Well, it seems a "journalist" once again gets it wrong at the Victoria Advocate. Imagine that. To wit: any fourth grader (hell, first grader) knows the difference between "flour" and "flower". And even if they don't, they can consult the dictionary, be it online or in good old-fashioned print. So, once again, I will do your work for you, Gabe. Check it out:
1. the finely ground meal of grain, esp. the finer meal separated by bolting.
2. the finely ground and bolted meal of wheat, as that used in baking.
3. a finely ground, powdery foodstuff, as of dehydrated potatoes, fish, or bananas.
4. a fine, soft powder: flour of emery
1. the blossom of a plant.
a. the part of a seed plant comprising the reproductive organs and their envelopes if any, esp. when such envelopes are more or less conspicuous in form and color.
b. an analogous reproductive structure in other plants, as the mosses.
3. a plant, considered with reference to its blossom or cultivated for its floral beauty.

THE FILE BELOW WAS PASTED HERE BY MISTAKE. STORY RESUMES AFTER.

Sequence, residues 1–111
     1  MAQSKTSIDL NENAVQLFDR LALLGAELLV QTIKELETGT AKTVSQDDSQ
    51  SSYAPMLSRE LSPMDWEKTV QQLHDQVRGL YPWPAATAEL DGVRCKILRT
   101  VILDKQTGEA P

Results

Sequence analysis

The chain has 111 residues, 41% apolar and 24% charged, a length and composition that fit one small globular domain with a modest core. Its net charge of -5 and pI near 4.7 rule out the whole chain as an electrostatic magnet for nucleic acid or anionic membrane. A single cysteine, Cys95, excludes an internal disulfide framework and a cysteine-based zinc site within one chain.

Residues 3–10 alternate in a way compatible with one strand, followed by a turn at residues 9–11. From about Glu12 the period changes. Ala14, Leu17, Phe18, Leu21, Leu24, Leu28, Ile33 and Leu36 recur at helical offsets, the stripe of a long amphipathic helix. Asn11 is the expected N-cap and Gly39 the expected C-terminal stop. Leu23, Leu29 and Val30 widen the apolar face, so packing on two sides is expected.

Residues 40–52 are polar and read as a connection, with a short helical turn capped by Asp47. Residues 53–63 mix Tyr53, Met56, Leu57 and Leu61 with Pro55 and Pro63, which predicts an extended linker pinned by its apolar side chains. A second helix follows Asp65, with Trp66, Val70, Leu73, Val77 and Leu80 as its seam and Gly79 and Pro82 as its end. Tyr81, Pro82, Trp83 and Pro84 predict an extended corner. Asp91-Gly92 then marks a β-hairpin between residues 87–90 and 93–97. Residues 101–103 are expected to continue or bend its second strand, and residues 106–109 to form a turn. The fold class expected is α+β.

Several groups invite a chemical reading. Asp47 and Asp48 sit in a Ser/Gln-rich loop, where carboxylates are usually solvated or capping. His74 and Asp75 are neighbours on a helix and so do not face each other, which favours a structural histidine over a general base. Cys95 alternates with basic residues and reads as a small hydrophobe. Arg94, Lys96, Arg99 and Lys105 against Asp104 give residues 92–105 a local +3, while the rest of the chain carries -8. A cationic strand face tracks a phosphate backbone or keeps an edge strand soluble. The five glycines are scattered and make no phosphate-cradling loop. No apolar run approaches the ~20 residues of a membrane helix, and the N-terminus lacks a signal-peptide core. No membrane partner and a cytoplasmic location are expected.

4. state of efflorescence or bloom: Peonies were in flower.
5. an ornament representing a flower.
6. Also called fleuron, floret. Printing. an ornamental piece of type, esp. a stylized floral design, often used in a line to decorate chapter headings, page borders, or bindings.
7. an ornament or adornment.
8. the finest or most flourishing period: Poetic drama was in flower in Elizabethan England.
9. the best or finest member or part of a number, body, or whole: the flower of American youth.
10. the finest or choicest product or example.
11. flowers, (used with a singular verb) Chemistry. a substance in the form of a fine powder, esp. as obtained by sublimation: flowers of sulfur.
As you can see, there IS a difference.
That concludes our lesson for today.